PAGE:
Although we have some really excellent schools in Oxford West & Abingdon (I should know I am a governor at a particularly excellent local special school) there is an increasing problem with school places. Especially when one local school is much better than another. Conservatives want to do two things: improve standards at all schools and make it easier to set up more schools. The main ways in which we want to do that are:

Move to a high quality system of teacher recruitment and training by raising entry requirements, expanding Teach First and incentivising top maths and science graduates.

We will give teachers the tools and powers they need to keep order in the classroom. We will abolish the legal requirement of 24 hours’ notice for detentions; reform the exclusion process; and give headteachers the power to ban, search for, and confiscate any items they think may cause violence or disruption.

We will take urgent action to reverse the decline in standards. We will reform the National Curriculum, remove political interference from GCSEs and A-levels, and allow state schools to do the same high quality exams as private schools. We will replace Key Stage 1 Sats with a simple reading test, reform Key Stage 2 Sats, and make Ofsted report on schools’ setting policies and reading schemes.

We will make it much easier for educational charities, groups of parents and teachers, cooperatives and others to start new Academies (independent, non-selective state schools). We will also move to a national per pupil funding system, with extra funding for the poorest pupils (a pupil premium).

Work

5. I want to grow my business, whilst juggling that with being a parent.  How do you propose to help small businesses to grow and develop?

Firstly, we want to make flexible working available to as many people as possible. Currently, the right to request flexible working is only available to parents with children under sixteen or disabled children under eighteen. We will extend the right to request flexible working to all parents with children under 18. We will ensure that the public sector – Britain’s biggest employer – becomes a world leader in providing flexible working opportunities.

We were the first major economy to go into recession and the last to come out and business suffered more than ever before: more companies went bust in this recession than in any other previous recession. We firmly believe that it is only by genuinely supporting business that we can get our economy back on track. That is why small, medium and large businesses across the country have come out in support of our proposals to make the UK the best place in Europe to do business:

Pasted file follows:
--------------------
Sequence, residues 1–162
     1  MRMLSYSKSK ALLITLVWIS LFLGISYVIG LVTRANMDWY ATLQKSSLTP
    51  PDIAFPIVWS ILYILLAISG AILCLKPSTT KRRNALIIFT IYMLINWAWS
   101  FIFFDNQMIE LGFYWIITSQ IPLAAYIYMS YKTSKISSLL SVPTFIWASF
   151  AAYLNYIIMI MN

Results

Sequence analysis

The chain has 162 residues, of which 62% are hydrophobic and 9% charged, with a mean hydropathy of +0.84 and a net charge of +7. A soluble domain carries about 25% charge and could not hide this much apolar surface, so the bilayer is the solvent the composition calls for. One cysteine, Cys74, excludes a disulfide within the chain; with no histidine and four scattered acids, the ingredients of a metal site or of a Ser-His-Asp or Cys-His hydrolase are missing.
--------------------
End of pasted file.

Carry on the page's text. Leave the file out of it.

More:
Cut Corporation Tax. High taxes prevent businesses from investing in future growth and deter foreign firms from locating in the UK. A Conservative government would cut the main rate of corporation tax from 28 to 25 per cent, paid for by removing some complex reliefs. We will also cut the small companies’ corporation tax rate from 22 to 20 per cent.

Cut Red Tape. A Conservative government will not only cut the burden of regulation on businesses but will improve the quality of regulation.

Abolish Tax on Jobs Created by New Businesses. Within the first two years of a Conservative government, we will abolish the tax on the first ten jobs new businesses create in their first year.

Halve Labour’s Tax on Jobs. We will raise the secondary threshold at which employers start paying NICs by £21 a week, saving employers up to £150 for every person they employ relative to Labour’s plans. This will reduce the cost of Labour’s tax rise on employers by more than half.

Cutting Time it takes to Start a Business. Make it easier for people to set up new enterprises by cutting the time it takes to start a new business, and making Britain the fastest place in the world to start a business. The Conservatives will reduce the number of forms needed to register a new business, and move towards a ‘one-click’ registration model.
Local/Environment

6. We live in a quiet street, but near to a busy area, so we really like to see police on the streets.  What are your policing priorities in the area?

I think that the Neighbourhood Action Groups have been a positive step in making local policing more in tune with community priorities but we need to go further.

The reality is that an increasing burden of administrative and procedural bureaucracy has come to consume progressively more of police officers’ time, keeping them away from the front line of crime-fighting and reducing their effectiveness: just 14 per cent of all police officers’ time is spent on patrol compared with 22 per cent of their time on paperwork.

Conservatives want to cut red tape by scrapping the Stop form and letting police just radio in a Stop and Search. We want to scrap targets which distort local policing priorities and give police new powers to deal with anti-social behavior. And, of course, we want to make sure that existing alcohol and drugs laws are properly enforced.

Finally, in order to make sure that local communities really have a say we want to introduce elected Police Commissioners who will be directly accountable to you for local policing.


7. Abingdon town centre has huge potential, and although showing signs of the vibrant and bustling market town it could be, needs more – what would you like to see happen to it?